Port display honors maritime industry

By Marilyn Tennissen | Jun 22, 2007

An 21-foot diameter bronze propeller from a Gulf Oil tanker was installed June 12 at the Port of Beaumont to recognize the area's history in the maritime industry.

Southeast Texas has a long history with the maritime industry, and a new display at the Port of Beaumont is making sure visitors don't forget.

The U.S. Maritime Administration has loaned a five-blade bronze propeller to the Port as a way to honor the area's maritime history. It was recently installed at the Port's entrance.

The 21-foot-diameter propeller once powered the Gulf Prince, a 35,000-ton, 630-foot long tanker built for the Gulf Oil Corporation in 1957. The Gulf Prince had three sister ships, the Gulf King, Gulf Queen and Gulf Knight, commissioned by the oil company.

In 1984, the Maritime Administration renamed the Gulf Prince the American Osprey, and made it part of the National Defense Reserve Fleet. The Osprey was actively engaged in Operation Desert Storm and was eventually deactivated in 1999. The propeller was retrieved from a storage shipyard in Mobile, Ala.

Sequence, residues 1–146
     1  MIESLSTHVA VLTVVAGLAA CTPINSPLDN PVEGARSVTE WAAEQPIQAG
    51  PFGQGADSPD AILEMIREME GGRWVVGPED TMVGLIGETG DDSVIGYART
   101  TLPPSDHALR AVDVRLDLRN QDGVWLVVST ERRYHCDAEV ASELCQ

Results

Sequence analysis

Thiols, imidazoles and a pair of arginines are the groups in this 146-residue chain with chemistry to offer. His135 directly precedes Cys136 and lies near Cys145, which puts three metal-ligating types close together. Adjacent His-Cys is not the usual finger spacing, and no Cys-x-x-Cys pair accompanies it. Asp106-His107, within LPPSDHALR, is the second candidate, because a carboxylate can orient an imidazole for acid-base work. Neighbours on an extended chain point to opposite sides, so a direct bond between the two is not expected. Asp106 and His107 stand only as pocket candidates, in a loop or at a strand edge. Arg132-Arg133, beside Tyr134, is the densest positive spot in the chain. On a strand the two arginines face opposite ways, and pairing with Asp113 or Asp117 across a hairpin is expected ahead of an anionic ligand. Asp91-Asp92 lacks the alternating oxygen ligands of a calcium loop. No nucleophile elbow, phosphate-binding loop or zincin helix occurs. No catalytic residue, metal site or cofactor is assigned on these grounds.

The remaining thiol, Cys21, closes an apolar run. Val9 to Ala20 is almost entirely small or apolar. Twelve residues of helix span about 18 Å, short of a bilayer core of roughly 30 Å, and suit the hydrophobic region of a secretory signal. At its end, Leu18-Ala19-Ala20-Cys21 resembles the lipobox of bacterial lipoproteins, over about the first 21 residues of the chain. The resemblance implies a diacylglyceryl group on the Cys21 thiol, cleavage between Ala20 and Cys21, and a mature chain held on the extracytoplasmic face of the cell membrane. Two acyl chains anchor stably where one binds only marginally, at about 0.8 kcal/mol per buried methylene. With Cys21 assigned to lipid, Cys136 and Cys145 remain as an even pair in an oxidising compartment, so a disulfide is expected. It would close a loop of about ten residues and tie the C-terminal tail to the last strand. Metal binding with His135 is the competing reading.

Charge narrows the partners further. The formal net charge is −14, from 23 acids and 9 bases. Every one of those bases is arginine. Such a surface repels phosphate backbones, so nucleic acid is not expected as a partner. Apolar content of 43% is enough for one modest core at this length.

Many Southeast Texas businesses were involved in the transport and installation of the propeller. A tug from Kirby Inland Marine helped bring the propeller to Beaumont, where it was unloaded by local longshoremen. Steel Painters Inc. sandblasted and prepared the bronze blades. The concrete base was the work of Lanier & Associates and Bo-Mac Contractors. Lifting the 80,000-pound propeller onto the base on June 12 was the work of U.S. Flag and Flagpole supply cranes.

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